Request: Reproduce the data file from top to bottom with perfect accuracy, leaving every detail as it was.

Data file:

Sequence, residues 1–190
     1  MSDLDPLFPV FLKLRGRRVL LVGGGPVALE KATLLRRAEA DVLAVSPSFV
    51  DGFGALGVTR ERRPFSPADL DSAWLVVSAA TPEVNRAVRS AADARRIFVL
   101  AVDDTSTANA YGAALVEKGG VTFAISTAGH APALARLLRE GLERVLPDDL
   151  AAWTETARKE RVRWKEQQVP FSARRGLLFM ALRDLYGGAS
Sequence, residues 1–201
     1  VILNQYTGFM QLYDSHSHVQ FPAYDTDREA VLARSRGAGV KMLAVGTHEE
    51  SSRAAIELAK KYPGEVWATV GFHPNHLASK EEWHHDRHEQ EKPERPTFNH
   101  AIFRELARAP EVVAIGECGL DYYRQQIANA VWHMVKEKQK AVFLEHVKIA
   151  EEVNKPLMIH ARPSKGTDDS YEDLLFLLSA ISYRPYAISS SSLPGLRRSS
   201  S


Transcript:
Sequence, residues 1–190
     1  MSDLDPLFPV FLKLRGRRVL LVGGGPVALE KATLLRRAEA DVLAVSPSFV
    51  DGFGALGVTR ERRPFSPADL DSAWLVVSAA TPEVNRAVRS AADARRIFVL
   101  AVDDTSTANA YGAALVEKGG VTFAISTAGH APALARLLRE GLERVLPDDL
   151  AAWTETARKE RVRWKEQQVP FSARRGLLFM ALRDLYGGAS
Sequence, residues 1–201
     1  VILNQYTGFM QLYDSHSHVQ FPAYDTDREA VLARSRGAGV KMLAVGTHEE
    51  SSRAAIELAK KYPGEVWATV GFHPNHLASK EEWHHDRHEQ EKPERPTFNH
   101  AIFRELARAP EVVAIGECGL DYYRQQIANA VWHMVKEKQK AVFLEHVKIA
   151  EEVNKPLMIH ARPSKGTDDS YEDLLFLLSA ISYRPYAISS SSLPGLRRSS
   201  S